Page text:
A team of independent scientists on board the Arctic
Sunrise is investigating whether warming subtropical ocean
currents are causing Greenland glaciers to melt faster than
While the melt from warming temperatures is a known phenomenon,
the influence of currents is less understood, and new research
conducted by Dr. Fiamma Straneo of the Woods Hole Oceanographic
institution is groundbreaking. (Or, perhaps, "icebreaking"?)
"Over the last decade we've seen dramatic changes in the
Greenland ice sheet; in particular there's been a large loss of
mass of ice from Greenland's outlet glaciers. One of the mechanisms
we think may have triggered these changes is the inflow of warm
subtropical water inside of Greenland's glacial fjords," Dr.
A (frozen) river runs through it
These currents could be causing the dramatic melt of Greenlandic
glaciers. Dr. Gordon Hamilton, of the University of Maine, has been
studying the speed of flow of the Greenland glaciers, and in
particular Helheim glacier.
Glaciers are like frozen rivers, with ice slowly moving
downstream at an average of 50 meters per year. Helheim glacier is
moving at the speed of 25 meters per DAY. Located further North,
the Kangerdlugssuaq glacier moves at an average of 38 meters per
day. This is opening the way for the Greenland ice sheet to
flow out, melt in the Atlantic Ocean, and contribute to sea level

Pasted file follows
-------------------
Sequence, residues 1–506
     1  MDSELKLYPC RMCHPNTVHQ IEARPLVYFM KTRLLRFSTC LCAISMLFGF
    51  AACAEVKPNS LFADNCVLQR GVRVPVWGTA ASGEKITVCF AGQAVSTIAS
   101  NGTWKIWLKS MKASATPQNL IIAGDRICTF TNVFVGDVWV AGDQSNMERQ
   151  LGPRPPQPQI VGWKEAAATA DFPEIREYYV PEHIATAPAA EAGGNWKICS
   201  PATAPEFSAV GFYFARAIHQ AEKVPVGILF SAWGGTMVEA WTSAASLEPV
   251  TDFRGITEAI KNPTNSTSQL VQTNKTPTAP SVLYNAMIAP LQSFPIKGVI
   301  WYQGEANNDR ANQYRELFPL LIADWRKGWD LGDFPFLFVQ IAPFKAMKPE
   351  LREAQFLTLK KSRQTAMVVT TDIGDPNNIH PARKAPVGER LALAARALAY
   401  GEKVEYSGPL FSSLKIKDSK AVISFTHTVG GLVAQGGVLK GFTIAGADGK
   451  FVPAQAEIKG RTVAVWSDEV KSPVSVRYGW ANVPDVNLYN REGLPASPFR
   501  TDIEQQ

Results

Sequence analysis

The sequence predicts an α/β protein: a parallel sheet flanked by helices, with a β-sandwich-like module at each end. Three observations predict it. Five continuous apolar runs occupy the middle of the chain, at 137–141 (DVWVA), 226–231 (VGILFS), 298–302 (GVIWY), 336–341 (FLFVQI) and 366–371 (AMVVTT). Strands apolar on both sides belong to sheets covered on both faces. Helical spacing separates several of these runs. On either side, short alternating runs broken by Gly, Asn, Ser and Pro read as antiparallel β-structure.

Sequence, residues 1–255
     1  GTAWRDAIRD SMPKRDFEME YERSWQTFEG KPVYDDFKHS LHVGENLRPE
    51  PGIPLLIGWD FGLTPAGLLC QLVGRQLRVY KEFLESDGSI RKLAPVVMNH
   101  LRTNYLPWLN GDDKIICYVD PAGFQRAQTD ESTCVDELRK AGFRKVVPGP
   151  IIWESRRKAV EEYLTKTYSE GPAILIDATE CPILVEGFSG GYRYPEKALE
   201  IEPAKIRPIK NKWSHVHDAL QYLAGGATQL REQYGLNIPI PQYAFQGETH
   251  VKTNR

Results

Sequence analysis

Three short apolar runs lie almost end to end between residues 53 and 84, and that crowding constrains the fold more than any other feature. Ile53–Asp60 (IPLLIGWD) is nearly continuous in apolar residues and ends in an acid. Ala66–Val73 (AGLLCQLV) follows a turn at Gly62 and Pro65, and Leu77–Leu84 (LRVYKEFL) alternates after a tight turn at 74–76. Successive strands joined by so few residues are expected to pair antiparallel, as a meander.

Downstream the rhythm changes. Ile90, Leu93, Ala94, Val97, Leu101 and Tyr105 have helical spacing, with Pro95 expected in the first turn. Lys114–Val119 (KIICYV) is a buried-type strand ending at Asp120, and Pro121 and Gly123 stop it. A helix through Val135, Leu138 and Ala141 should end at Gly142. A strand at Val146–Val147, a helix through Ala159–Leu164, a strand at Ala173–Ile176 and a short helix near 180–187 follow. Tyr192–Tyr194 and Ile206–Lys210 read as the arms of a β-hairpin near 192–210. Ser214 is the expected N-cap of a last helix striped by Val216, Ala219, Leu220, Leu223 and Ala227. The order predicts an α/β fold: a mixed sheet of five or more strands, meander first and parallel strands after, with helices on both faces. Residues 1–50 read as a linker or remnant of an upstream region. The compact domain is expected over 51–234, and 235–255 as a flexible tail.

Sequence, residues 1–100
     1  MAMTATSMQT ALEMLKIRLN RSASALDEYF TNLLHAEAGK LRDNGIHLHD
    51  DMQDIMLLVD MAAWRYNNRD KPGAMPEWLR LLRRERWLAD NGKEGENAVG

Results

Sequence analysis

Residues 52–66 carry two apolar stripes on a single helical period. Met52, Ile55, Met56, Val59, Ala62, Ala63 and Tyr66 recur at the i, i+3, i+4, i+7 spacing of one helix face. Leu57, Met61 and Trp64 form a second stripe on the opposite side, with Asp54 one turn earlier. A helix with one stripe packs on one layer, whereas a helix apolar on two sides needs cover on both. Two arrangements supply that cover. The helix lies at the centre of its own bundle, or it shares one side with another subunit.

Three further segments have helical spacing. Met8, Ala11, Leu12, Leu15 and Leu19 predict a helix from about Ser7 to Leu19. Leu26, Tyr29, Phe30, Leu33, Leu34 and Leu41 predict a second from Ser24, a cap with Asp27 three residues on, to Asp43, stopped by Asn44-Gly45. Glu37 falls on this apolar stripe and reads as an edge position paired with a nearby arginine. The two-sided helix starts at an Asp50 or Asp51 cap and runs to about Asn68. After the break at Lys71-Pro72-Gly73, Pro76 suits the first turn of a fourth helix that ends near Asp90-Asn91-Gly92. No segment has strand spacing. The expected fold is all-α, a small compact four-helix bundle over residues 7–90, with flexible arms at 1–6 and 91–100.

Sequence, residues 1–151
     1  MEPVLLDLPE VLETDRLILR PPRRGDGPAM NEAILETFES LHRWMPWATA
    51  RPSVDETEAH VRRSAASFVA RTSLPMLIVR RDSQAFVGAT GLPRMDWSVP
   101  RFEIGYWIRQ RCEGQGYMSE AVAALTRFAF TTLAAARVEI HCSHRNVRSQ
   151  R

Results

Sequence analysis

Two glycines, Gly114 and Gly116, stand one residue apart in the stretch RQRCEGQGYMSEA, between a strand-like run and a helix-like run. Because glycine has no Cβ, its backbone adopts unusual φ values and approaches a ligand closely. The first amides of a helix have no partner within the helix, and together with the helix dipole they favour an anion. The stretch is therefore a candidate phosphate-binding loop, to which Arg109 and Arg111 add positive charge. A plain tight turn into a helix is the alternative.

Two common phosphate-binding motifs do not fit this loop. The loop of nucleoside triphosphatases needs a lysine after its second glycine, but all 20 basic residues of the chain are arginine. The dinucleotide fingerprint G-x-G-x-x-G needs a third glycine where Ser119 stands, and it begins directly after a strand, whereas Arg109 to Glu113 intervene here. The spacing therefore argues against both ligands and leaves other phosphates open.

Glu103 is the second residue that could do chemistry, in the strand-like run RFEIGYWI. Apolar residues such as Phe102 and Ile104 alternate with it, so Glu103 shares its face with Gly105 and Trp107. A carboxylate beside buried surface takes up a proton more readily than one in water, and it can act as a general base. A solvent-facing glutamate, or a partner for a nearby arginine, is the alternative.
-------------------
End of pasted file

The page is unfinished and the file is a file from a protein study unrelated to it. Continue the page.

"Kangerdlugssuaq Glacier is probably the world's fastest moving
glacier. It tripled its speed between 2004 and 2005, which tells us
the glacier is moving mass out of the middle of Greenland's ice
sheet, in the form of icebergs, at a rate three times faster than
just a few years ago. This has important implications for both the
mass balance of the Greenland ice sheet, and for the rate of global
sea level rise," said Dr. Hamilton.
Accelerating feedback effects
Other feedback effects in the Arctic are highlighted in a new
WWF report, pointing out that their influence on the global
climate also may have been underestimated.
Arctic multi-year sea ice is increasingly replaced by younger
sea ice, making the ice-cap more vulnerable to melting in the
summer. This allows the surface water to absorb more heat. The
permafrost (permanently frozen ground) is heating up as well,
releasing underground methane, a potent greenhouse gas. This
methane then further contributes to global warming.
This report also points out that the International Panel on
Climate Change's (IPCC) 2007 estimates on sea-level rise were too
optimistic, and offers new estimates of up to 1.2 meters by the end
of the century.
Beyond the tipping point
In 2007, the IPCC reported an
estimated sea-level rise of 20 to 50 cm. As worrying as these
figures were, evidence now suggest things are worse than they'd
thought. The effect that the melting Greenland ice-sheet could have
on sea-level rise was not fully included in the IPCC reports, since
these findings are too recent.
Once we go beyond the tipping point where global warming feeds
itself, there will be no going back. The time for action is now. In
95 days, the Copenhagen climate Conference will start. World
leaders have to show their commitment to the climate by attending
and adopting strong emissions targets.
We can wait no longer.
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